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MBA admission special - Insider tips from the business schools

To round off this admission special MBA Channel has spoken to two leading business schools to get their insider tips for admission to their renowned halls. Sara Neher, the Uni-versity of Virginia Darden School of Business’ assistant dean of MBA admissions and Peter Manasantivongs, director of the full-time MBA programme at Melbourne Business School have answered our questions.

Sara NeherSara Neher, the University of Virginia Darden School of Business’ assistant dean of MBA admissions.

MBA Channel: What are the main reasons for you to decline an applicant? What are the main errors that you note?
Sara Neher: We approach the application review process from the standpoint of criteria that we seek in applicants, rather than reasons to deny applicants. We are looking for students with strong leadership potential who will bring a global mindset and a willingness to share their experiences and perspectives with their classmates. Our students are actively engaged in the case method classroom, as well as in co-curricular activities outside of the classroom, so we are looking for people who want to get involved.

MBA Channel: What are your three top tips for applicants?
Sara Neher:
Tip #1: Be yourself. Don’t present what you think we want to hear. We want to get to know you — your goals and career aspirations, why you want to get an MBA and what’s important to you — throughout the application process.
Tip #2: Do your research about MBA programmes prior to submitting your application. The better you understand the differences between schools and programmes, the better able you will be to communicate your reasons for applying and your “fit” with each school.
Tip #3: Make sure that you answer the essay question. You’d be surprised how many people don’t actually do this.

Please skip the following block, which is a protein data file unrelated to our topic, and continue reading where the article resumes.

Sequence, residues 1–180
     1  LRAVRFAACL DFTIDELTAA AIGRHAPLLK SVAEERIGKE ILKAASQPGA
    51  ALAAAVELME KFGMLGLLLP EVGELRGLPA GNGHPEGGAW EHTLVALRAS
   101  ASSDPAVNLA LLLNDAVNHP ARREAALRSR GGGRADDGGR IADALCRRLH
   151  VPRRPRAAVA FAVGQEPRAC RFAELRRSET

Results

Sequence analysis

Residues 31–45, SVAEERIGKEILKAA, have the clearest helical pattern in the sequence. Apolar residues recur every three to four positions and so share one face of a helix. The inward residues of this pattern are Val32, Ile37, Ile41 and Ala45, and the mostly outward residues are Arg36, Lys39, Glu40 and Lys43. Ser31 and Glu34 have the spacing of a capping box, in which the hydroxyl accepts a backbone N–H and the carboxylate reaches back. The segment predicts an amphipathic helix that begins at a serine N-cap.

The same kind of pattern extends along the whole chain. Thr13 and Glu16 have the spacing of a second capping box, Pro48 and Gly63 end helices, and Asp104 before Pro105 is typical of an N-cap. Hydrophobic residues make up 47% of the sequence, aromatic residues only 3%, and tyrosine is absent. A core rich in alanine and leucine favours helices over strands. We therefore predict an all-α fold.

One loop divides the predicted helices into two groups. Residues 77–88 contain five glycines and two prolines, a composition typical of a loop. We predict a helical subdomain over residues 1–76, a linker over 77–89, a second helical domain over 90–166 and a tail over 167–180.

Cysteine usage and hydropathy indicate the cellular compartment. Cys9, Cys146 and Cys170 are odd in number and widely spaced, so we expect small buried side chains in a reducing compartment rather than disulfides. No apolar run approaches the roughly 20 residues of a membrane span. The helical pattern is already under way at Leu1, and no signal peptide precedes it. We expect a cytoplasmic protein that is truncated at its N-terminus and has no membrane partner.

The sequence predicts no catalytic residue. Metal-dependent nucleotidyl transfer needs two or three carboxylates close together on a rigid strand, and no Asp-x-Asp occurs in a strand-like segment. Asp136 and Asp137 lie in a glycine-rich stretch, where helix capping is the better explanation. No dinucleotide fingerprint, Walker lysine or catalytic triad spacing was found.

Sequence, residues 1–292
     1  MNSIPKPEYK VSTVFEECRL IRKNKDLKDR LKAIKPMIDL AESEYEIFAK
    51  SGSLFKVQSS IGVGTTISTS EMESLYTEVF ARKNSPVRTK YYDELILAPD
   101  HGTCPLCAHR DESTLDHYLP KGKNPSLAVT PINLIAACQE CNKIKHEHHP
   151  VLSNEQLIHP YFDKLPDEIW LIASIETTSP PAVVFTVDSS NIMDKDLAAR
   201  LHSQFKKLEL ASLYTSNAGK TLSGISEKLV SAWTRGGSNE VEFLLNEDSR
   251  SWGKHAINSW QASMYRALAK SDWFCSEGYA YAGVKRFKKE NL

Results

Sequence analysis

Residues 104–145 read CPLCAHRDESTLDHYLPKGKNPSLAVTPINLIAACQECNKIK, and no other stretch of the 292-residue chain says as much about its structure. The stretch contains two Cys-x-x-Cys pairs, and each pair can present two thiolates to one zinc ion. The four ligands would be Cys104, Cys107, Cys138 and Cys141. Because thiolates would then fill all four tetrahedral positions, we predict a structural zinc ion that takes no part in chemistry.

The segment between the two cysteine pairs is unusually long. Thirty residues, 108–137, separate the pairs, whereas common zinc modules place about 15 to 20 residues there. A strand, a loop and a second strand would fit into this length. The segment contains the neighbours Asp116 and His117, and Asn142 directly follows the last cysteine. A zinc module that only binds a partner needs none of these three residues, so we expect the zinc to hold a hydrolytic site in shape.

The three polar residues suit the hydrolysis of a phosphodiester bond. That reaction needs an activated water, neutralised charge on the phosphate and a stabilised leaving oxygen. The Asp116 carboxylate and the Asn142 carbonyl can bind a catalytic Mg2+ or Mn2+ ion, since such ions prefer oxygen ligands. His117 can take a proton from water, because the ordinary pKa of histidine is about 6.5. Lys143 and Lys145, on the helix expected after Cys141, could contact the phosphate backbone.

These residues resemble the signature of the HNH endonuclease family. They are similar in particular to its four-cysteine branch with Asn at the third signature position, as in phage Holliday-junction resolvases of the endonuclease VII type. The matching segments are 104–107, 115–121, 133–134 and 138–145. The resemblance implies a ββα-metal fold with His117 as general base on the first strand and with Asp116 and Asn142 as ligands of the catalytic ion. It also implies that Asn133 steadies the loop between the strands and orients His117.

Peter ManasantivongsPeter Manasantivongs, director of the full-time MBA programme at Melbourne Business School in Australia

MBA Channel: What are the main reasons for you to decline an applicant? What are the main errors that you note?
Peter Manasantivongs: Applicants need an excellent educational background. In terms of errors, we get people from very diverse backgrounds where English is not the first language so we are accommodating of language usage that you would not expect of a native speaker; if there is a clarity of expression and purpose, then that can be overlooked. Having said that, we don’t look favourably on basic spelling mistakes. And we really like you to get the name of the school right – we don’t want some other school appearing on your form! We also decline applicants if we think they won’t be a good fit with the collaborative culture of the programme. Many people who embark on an MBA are ambitious and not shy; but since syndicate work is crucial to the success of a cohort, we want people who are also prepared to work for the benefit of the group, not just ride roughshod over their peers. Really do your research on schools – for example, there’s no point approaching a general management school like MBS if you have your heart set on a deep specialisation with an industry-specific MBA.

MBA Channel: What are your three top tips for applicants?
Peter Manasantivongs: For starters understand what is unique about yourself and know how to articulate it in the personal statement you submit and in the interview. It goes without say-ing that everyone has some trait or characteristic that is unique. The better you can express it, the more memorable your candidacy will be to the selection committee. Secondly be clear about why you’re doing an MBA,. It’s ok to not know what industry you want to work in or role you want to end up in; so if you’re using the MBA to explore those questions, that’s fine. Last but not least: make the case for why the business school you’re applying to is the right fit for you. It’s not just about your credentials – it’s the fit between the candidate and the school.

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